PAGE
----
How to Make Your Rental Property Wheelchair Accessible

Jon Graham

By Jon Graham

06 January 2020

In 2018 the Equalities and Human Rights Commission found that 93% of homes in the UK were not wheelchair accessible. As a result, 365,000+ disabled people currently live in buildings that are not suitable for their needs.

This accessible housing crisis presents an opportunity for landlords and letting agents who are struggling to find occupiers for their properties. Making your buy-to-let home wheelchair accessible opens it up to a whole new market where demand is currently not reciprocated by supply.

Although it can take a fair bit of time and money to make a property wheelchair accessible, there are ways to acquire funding for the required work, and the extra effort could pay off.

Here is a quick guide on how to make your property wheelchair accessible.

Making Property Accessible From the Outside

The two main barriers to a building being wheelchair accessible from the outside are steps leading up to the door, and the door itself being too narrow for a chair to go through.

Steps leading up to the front door of the house need to be replaced by a ramp. Stairs inside the property either need to be flattened, or a chairlift needs to be installed.

For a door to comfortably fit a person in a wheelchair through it, it needs to be 900mm wide at the very least. Most doors are currently fitted at 762mm, so these need to be widened, along with every other door in the property.

Making Bathrooms, Bedrooms and Kitchens Accessible

For a whole home to be wheelchair accessible, every room requires at least 1500mm of circulation space for ease of turning. 

Working countertop surfaces in kitchens and bathrooms need to be lowered to a maximum height of 500 mm in order to make them usable while seated, while appliance sockets need to be raised to a similar height. Some light switches may also have to be lowered to ensure that they can still be pressed while seated.

Showers and toilets need to be fitted with rails, while storage space in bedrooms and kitchens need to be lowered to ground level. Kitchen drawers and cabinets may have to be wider than usual in order to make up for the space lost by having everything lowered.

Wheelchair-friendly Flooring

When flooring a property that may be occupied by wheelchair users, you need to consider both how easily the wheels can run on the flooring, and how durable the flooring will be to wear from wheels. 

Most types of carpeting would not be suitable as wheels can get stuck in the carpet. Therefore, any carpeted flooring will need to be removed. Below is a table of the suitability of different types of flooring. These types of flooring are not only durable to wear and scratches but also provide a smooth surface that does not cause too much friction when wheels run across them.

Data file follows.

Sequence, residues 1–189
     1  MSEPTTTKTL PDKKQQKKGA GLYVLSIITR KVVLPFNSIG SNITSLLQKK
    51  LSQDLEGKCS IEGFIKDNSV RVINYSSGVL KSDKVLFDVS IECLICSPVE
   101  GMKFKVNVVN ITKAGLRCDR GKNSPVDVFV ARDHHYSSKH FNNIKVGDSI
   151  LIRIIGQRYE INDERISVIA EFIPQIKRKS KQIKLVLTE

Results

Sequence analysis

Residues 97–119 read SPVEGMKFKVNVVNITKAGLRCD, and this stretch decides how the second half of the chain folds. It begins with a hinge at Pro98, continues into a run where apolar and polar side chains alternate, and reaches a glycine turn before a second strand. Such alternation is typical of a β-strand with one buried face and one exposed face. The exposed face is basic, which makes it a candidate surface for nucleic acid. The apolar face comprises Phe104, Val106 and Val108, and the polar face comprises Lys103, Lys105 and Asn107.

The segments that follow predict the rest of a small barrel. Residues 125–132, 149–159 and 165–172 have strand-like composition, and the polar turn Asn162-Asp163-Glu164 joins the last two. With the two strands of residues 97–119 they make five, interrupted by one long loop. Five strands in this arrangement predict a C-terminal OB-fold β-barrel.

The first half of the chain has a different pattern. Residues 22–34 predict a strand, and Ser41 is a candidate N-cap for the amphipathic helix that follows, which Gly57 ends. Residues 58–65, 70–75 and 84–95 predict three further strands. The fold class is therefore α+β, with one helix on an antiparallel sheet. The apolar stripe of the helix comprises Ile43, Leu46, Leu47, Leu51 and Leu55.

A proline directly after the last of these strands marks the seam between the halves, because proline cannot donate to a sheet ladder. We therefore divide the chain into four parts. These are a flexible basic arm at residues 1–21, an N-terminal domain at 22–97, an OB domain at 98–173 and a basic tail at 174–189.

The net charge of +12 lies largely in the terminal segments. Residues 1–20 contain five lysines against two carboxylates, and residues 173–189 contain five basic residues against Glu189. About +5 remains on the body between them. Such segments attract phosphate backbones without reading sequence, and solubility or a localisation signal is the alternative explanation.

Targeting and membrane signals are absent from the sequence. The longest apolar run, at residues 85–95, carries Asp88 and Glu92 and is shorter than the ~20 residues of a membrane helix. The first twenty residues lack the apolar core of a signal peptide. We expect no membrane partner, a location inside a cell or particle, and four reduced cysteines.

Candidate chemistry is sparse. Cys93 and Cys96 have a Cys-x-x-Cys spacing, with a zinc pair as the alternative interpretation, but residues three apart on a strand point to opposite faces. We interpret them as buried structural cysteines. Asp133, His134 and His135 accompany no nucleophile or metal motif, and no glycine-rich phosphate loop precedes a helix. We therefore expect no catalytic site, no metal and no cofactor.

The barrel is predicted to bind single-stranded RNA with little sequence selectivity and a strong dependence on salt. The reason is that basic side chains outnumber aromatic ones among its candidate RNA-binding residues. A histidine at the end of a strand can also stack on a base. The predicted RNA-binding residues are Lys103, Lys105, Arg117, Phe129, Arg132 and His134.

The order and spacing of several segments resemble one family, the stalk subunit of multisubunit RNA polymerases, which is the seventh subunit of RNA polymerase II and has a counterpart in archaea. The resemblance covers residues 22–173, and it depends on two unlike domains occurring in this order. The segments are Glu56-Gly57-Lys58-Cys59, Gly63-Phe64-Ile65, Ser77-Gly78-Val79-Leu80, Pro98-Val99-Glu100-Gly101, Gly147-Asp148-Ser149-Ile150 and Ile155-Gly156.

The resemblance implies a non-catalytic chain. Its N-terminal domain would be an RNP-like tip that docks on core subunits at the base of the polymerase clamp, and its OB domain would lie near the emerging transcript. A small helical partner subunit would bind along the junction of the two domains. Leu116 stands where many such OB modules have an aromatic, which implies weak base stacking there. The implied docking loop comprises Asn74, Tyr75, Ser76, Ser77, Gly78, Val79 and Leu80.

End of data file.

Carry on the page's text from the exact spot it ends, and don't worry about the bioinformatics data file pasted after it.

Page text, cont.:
Type of Flooring



Living Room










Getting Funding to Making Reasonable Adjustments to a Property

In an attempt to alleviate the shortage of accessible homes for disabled people, the government provides grants for landlords to make reasonable adjustments to their property in order to make it accessible for disabled occupiers.

If such work is to cost under £1,000, such as the adding of rails to bathrooms, then these can usually be paid for by the local council without too many questions being asked. You just need to make an application with your local council before the work commences.

For more substantial work costing between £1,000 and £30,000, you will need to apply for a grant from the Disabled Facilities Grant (DFG). These grants are for landlords who have a disability, have formally entered into a tenancy agreement with a disabled person or whose property is currently occupied by a disabled person.

To apply for a grant from the DFG a landlord and occupier need to have a written agreement that an occupier intends to reside in the property for at least five years following the works.

If you own an HMO or a block of buildings you can apply to have the DFG cover work done of the common areas of your building so long as you can prove that it will benefit occupiers who occupy some part of the building.


If you are a landlord who is struggling to find tenants, making your property wheelchair accessible could be a way to make it more competitive in the rental market. There is a massive shortage of wheelchair-accessible housing in the UK at the moment, so the demand for these types of properties is huge. Making adjustments to a building can be expensive, but there are grants available under certain conditions.

For more news and tips about rental properties, why not download our FREE Checklist for Repairs & Maintenance based on changes made to The Property Ombudsman's Code of Practice?

TPO Checklist for Repairs and Maintenance


This article is intended for information purposes only and does not constitute legal advice. If you have any questions related to issues in this article, we strongly advise contacting a legal professional.
These blog posts are the work of Fixflo and are licensed under a Creative Commons Attribution-ShareAlike 3.0 Unported License. In summary, you are welcome to re-publish any of these blog posts but are asked to attribute Fixflo with an appropriate link to Access to this blog is allowed only subject to the acceptance of these terms.

Jon Graham

By Jon Graham

06 January 2020

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